Join staff writers Ron Lin and Rosanna Xia at 9 a.m. Monday for a discussion about the Times' report on the risks facing Los Angeles residents who live and work in hundreds of old concrete buildings.
According to the analysis, more than 1,000 old concrete buildings in Los Angeles and hundreds more throughout the county may be at risk of collapsing in a major earthquake. Xia and Lin worked on the report with database editor Doug Smith.
By the most conservative estimate, as many as 50 of these buildings in the city alone would be destroyed, exposing thousands to injury or death.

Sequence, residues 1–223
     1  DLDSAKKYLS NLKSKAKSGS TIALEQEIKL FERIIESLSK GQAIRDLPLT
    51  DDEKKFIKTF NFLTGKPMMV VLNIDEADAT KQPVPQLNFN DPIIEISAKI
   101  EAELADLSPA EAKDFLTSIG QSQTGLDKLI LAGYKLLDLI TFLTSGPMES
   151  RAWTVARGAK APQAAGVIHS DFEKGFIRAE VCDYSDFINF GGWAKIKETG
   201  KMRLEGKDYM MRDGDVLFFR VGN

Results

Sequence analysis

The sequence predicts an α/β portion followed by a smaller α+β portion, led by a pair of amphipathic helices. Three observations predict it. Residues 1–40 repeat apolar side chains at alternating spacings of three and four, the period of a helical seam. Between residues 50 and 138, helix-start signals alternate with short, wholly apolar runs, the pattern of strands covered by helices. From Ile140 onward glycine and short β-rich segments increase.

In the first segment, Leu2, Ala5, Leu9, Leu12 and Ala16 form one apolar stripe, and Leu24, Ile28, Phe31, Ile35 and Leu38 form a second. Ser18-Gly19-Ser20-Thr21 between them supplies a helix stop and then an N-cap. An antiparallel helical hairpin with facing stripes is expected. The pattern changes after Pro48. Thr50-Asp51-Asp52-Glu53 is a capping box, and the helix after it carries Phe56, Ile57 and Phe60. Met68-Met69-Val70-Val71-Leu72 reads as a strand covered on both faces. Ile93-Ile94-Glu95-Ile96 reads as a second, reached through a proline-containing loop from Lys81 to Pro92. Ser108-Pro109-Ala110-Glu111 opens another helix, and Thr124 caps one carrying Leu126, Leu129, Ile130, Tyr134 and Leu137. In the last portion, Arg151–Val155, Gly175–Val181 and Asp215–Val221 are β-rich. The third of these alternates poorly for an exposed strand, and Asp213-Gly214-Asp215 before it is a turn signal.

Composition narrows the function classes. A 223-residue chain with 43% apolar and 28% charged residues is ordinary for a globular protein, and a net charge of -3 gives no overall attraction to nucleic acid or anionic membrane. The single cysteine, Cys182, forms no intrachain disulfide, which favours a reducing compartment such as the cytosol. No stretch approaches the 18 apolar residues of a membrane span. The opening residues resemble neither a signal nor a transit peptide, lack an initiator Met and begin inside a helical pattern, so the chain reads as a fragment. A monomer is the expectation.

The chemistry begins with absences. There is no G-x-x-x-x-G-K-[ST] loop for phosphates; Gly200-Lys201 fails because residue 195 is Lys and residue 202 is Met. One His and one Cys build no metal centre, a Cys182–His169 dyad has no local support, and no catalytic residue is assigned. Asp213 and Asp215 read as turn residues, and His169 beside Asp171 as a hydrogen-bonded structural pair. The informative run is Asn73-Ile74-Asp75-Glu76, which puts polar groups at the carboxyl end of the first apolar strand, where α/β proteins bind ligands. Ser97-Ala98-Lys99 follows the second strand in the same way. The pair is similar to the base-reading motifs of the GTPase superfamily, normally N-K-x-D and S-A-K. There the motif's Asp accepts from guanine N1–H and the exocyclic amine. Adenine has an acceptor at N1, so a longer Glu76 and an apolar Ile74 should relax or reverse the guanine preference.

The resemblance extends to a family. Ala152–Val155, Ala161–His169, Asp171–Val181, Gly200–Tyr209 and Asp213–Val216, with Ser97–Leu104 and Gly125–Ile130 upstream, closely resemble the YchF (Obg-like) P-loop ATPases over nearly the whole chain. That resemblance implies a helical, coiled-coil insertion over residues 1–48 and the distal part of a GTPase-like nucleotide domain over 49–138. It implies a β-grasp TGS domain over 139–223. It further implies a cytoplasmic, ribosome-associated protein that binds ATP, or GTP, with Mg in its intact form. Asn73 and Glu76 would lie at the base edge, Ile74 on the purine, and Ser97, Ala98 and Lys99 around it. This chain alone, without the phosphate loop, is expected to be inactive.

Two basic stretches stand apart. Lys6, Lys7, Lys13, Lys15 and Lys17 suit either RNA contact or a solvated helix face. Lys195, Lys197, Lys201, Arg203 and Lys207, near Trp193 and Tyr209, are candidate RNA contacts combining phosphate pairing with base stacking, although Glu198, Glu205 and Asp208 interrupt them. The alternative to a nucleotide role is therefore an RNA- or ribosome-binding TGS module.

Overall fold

The buildings may look strong, but many older concrete buildings are vulnerable to the sideways movement of a major earthquake because they don't have enough steel reinforcing bars to hold columns in place.
Los Angeles officials have known about the dangers for more than 40 years but have failed to force owners to make their properties safer. The city has even rejected calls to make a list of concrete buildings.
Questions can be submitted live during the chat or by tweeting @lanow. The reporters can also be reached by email: firstname.lastname@example.org.